SCDMH Emergency Department Telepsychiatry Consultation Program
- Need: The shortage of mental health professionals in rural South Carolina resulted in an influx of patients admitted to emergency departments who were in need of psychiatric care.
- Intervention: South Carolina Department of Mental Health (SCDMH) partnered with The Duke Endowment to create the SCDMH Emergency Department Telepsychiatry Program. Rural emergency departments can now reach a psychiatrist to assess a patient via telehealth.
- Results: The program has improved access, affordability, and provided quality care for rural providers and patients with mental illness.
In response to long wait times for patients experiencing
mental health crises, the South Carolina Department of
Mental Health (SCDMH) partnered with The Duke Endowment
to create the Partners in Behavioral Health Emergency
Services (referred to as the SCDMH Emergency Department
Telepsychiatry Program). This statewide program made it
possible for emergency departments to reach a
psychiatrist to assess a patient via telehealth.
The program's goal was to increase access to mental
healthcare throughout the entire state, with a focus on
underserved and rural communities. What started with 4
hospitals and 6 psychiatrists in 2007 has since expanded
to 28 participating hospitals and 20 telepsychiatrists.
South Carolina was the first state to successfully
connect patients in emergency departments (EDs) to
off-site psychiatrists via telehealth.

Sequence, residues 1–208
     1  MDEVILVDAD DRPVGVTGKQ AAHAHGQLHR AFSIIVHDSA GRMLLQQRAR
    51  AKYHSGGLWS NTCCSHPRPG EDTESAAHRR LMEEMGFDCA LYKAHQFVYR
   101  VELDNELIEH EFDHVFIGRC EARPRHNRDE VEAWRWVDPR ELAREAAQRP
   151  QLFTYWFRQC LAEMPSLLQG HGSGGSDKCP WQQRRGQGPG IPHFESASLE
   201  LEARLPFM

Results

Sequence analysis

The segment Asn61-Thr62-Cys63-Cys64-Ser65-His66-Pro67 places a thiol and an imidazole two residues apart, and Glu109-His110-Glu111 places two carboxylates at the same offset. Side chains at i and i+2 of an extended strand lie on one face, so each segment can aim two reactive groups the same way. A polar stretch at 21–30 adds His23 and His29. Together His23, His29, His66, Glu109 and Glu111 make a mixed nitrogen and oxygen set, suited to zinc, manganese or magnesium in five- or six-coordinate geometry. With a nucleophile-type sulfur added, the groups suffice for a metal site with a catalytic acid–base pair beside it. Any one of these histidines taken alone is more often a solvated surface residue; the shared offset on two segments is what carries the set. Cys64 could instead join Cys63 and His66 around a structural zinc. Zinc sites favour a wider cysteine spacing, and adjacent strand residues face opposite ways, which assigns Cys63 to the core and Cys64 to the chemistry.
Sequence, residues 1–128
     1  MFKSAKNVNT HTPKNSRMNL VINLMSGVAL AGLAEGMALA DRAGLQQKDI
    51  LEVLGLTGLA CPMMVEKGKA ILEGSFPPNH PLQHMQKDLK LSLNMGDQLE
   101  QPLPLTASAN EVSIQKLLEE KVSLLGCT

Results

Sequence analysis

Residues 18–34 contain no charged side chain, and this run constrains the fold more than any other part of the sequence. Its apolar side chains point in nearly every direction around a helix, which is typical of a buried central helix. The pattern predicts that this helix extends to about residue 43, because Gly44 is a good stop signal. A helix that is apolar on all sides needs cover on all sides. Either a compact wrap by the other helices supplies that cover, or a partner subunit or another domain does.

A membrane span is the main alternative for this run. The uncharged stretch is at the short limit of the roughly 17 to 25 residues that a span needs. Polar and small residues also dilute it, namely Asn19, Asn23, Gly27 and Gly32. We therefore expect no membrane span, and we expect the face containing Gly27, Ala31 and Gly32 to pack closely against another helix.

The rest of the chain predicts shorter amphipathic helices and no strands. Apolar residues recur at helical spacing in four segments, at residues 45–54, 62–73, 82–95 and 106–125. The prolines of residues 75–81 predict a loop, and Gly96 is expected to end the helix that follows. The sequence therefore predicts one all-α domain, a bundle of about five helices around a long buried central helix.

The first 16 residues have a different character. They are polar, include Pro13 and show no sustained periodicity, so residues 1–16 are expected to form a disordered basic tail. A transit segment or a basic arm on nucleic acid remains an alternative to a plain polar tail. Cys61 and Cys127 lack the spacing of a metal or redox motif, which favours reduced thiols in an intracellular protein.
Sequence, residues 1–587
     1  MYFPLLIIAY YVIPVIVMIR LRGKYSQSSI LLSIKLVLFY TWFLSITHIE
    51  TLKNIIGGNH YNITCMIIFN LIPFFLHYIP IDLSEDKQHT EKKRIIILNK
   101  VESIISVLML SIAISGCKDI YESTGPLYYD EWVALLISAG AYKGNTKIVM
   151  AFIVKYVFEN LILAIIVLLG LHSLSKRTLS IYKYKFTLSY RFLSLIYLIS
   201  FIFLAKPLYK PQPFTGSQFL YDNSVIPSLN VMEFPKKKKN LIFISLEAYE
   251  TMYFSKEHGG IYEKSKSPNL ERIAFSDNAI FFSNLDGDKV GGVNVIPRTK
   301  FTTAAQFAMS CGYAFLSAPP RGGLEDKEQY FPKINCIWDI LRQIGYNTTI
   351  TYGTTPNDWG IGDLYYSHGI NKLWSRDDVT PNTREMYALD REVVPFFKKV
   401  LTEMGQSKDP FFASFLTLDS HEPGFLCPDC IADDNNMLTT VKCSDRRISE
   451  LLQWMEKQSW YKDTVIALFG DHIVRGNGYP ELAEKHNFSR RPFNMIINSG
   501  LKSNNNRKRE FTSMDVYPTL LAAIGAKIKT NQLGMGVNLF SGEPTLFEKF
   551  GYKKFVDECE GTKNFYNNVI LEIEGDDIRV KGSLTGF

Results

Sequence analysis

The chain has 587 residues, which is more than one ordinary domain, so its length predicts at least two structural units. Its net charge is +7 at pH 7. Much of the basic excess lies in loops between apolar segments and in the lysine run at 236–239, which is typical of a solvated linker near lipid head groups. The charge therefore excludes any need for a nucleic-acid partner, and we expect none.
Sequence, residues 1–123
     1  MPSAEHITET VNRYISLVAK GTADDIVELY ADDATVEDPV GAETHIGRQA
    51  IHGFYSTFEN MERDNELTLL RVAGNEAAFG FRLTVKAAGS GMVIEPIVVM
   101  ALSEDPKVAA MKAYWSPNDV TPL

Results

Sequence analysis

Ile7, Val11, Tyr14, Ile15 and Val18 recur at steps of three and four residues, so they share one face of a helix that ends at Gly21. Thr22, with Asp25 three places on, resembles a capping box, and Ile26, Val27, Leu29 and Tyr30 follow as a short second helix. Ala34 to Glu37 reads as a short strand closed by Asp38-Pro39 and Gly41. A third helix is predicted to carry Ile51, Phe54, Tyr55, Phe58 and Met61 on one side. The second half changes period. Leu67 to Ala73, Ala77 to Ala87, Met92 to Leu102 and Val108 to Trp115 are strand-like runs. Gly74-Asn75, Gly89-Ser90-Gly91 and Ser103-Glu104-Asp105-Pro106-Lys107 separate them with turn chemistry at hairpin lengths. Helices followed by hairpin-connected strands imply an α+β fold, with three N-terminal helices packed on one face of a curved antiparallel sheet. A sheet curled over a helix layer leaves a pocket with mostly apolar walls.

Since implementation of the ED and Community
Telepsychiatry programs predate the COVID-19 crisis,
there was a different context for developing the
practices and operations supporting the programs. This
steady growth, rather than rapid program expansion in
response to the pandemic, has benefited patients, program
staff, physicians, and administrators by providing time
for individual and system acclimation to changes,
including the increased use of technology.
Key partners in this program include:
The SCDMH Emergency Department Telepsychiatry Program
received early financial support from the South Carolina
Department of Health and Human Services, and initial
program support from the South Carolina Hospital
Association, with program evaluation from the University
of South Carolina School of Medicine. Today, the program
is supported by a combination of state appropriations,
grants, and earned revenue.
The following services are included with the ED
Regular availability – Psychiatrists
rotate schedules and are available 7 days a week, 365
days a year, 18 hours a day.
Enhanced Communication – Participating psychiatrists provide approximately 750 services per month to hospital EDs across the state. Prior to the video exchange, the
SCDMH psychiatrist reviews the patient's medical
Assessment via telemedicine – After
the encounter, the SCDMH psychiatrist provides a
diagnosis and recommended course of treatment to the
patient's physician in the hospital as well as to the
nearest SCDMH community mental health center for
Training – The program's medical
director provides comprehensive training on how to
conduct an evaluation through a telemedicine platform
to participating psychiatrists. A complete training
manual is provided to every physician for reference.
Peer Evaluations – Peer reviews are
performed quarterly for all SCDMH telepsychiatry
physicians. New psychiatrists are scheduled with
experienced physicians until they are comfortable
enough to work independently. The Program's medical
director and experienced psychiatrists are also
available should new psychiatrists have questions.
IT Support – SCDMH offers 24/7 IT
support for the Telepsychiatry Program.
In addition to the ED Telepsychiatry program, SCDMH
offers several other telepsychiatry programs:
- Community Telepsychiatry
- Nursing Home Telepsychiatry
- Highway to Hope Mobile Telehealth Services
- Telepsychiatry partnership with South Carolina Department of Juvenile Justice
- Inpatient Services Telepsychiatry